South Carolina Spartanburg County Pacolet
The Town of Pacolet proper is located entirely within Spartanburg County
, but areas of the Pacolet community extend into Cherokee County
along the Pacolet River.
Its history dates back to the second half of the 18th century, when the community was called Buzzard's Roost. However, its first post office wasn't established until 1831, and it wasn't incorporated until 1896.
Pacolet flourished during the 19th century textile boom, but a dispute over water caused the area to split into four villages during the 1950s: Pacolet Station, Pacolet Mills, Central Pacolet
, and Pacolet Park. Pacolet Station and Pacolet Mills merged in 1997, naming their new municipality Pacolet. Central Pacolet still exists, but Pacolet Park lost its charter in 1976.
On June 6, 1903, heavy rains caused flooding that resulted in the worst natural disaster ever to occur in Spartanburg County. Huge sections of Pacolet Mill
were swept downstream along with the Presbyterian Church and many homes, stores, and businesses. Ultimately 70 people died, 600 were left homeless, and 4,000 were without jobs. Tragic and traumatic, the community miraculously recovered quickly and in 1907, Pacolet Mill was not only the largest manufacturer in Spartanburg County, it was one of the largest in the South. The mill was sold to Milliken later in the 20th century and closed in 1980.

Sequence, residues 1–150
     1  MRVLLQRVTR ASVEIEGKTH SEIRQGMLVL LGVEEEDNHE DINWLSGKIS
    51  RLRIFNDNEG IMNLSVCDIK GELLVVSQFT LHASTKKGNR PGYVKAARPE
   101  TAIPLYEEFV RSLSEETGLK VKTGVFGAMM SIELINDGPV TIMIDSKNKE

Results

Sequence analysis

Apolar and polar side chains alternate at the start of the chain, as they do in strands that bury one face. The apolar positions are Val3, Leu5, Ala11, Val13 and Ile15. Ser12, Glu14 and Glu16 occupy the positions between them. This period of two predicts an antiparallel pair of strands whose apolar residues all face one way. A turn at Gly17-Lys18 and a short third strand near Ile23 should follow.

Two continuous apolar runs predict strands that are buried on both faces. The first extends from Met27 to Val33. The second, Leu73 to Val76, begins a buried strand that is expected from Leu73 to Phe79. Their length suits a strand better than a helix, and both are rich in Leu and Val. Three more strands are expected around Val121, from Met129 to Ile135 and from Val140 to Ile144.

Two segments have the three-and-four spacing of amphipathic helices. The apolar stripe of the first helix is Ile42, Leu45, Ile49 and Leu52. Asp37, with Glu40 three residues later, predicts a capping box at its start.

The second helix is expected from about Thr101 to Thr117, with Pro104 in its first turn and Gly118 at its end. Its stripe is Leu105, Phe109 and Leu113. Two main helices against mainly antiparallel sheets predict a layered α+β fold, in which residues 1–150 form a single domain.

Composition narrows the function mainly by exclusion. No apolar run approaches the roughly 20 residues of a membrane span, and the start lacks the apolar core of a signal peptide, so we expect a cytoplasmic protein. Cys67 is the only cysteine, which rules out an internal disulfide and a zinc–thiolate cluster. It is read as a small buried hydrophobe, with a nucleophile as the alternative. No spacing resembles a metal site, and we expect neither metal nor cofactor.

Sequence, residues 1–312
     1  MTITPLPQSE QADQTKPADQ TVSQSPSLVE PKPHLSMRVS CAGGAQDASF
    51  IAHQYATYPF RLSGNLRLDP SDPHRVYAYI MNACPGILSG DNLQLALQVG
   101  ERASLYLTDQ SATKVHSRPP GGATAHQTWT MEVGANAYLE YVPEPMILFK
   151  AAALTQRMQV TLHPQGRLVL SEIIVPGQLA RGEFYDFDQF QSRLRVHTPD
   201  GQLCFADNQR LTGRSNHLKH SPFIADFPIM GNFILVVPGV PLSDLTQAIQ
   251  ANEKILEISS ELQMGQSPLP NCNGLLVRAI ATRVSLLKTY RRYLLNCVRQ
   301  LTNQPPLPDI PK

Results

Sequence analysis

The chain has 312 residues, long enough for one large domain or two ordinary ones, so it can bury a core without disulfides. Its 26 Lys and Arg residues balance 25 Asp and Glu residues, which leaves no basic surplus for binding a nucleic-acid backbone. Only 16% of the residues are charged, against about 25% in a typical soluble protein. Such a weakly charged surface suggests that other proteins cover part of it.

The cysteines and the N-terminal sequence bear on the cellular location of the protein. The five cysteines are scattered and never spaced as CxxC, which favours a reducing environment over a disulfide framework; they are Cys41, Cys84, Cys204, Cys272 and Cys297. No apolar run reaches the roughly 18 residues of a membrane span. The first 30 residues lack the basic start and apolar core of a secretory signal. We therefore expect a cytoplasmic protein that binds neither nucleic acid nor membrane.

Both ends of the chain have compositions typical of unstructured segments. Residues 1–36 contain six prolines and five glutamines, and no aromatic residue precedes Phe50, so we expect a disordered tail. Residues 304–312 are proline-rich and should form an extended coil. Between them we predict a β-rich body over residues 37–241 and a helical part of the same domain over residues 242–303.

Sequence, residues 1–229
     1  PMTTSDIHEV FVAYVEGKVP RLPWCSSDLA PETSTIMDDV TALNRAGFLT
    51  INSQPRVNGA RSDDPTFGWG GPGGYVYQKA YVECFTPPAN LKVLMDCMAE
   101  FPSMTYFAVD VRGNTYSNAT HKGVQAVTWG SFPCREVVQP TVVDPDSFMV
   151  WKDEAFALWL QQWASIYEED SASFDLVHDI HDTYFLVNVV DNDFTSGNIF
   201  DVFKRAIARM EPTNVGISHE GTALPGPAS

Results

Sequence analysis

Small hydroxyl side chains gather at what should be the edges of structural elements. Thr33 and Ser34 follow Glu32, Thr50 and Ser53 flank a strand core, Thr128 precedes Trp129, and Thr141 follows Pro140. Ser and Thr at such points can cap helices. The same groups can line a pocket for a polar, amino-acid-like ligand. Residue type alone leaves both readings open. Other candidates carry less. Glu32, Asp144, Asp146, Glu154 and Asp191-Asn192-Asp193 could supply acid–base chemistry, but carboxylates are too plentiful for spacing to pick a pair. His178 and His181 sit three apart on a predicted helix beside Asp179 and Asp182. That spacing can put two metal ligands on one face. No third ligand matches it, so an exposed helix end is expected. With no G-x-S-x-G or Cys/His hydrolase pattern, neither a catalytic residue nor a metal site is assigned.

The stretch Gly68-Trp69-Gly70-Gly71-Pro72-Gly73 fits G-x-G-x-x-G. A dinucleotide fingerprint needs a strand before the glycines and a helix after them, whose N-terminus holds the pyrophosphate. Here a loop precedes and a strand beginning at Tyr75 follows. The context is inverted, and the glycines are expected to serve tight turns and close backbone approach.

Pacolet is pronounced 'PAK • let' or 'PAK • uh • let.' If using the latter pronunciation, be sure to de-emphasize the second syllable. According to a reader who grew up on Pacolet, the name is really "two-and-a-half syllables ... you might hear the 'uh' sound as the second syllable, but it's barely pronounced, if at all. It sounds closer to 'PAK • let' than it does 'PAK • uh • let.'
is the largest city near Pacolet. Here is a map of the Spartanburg area
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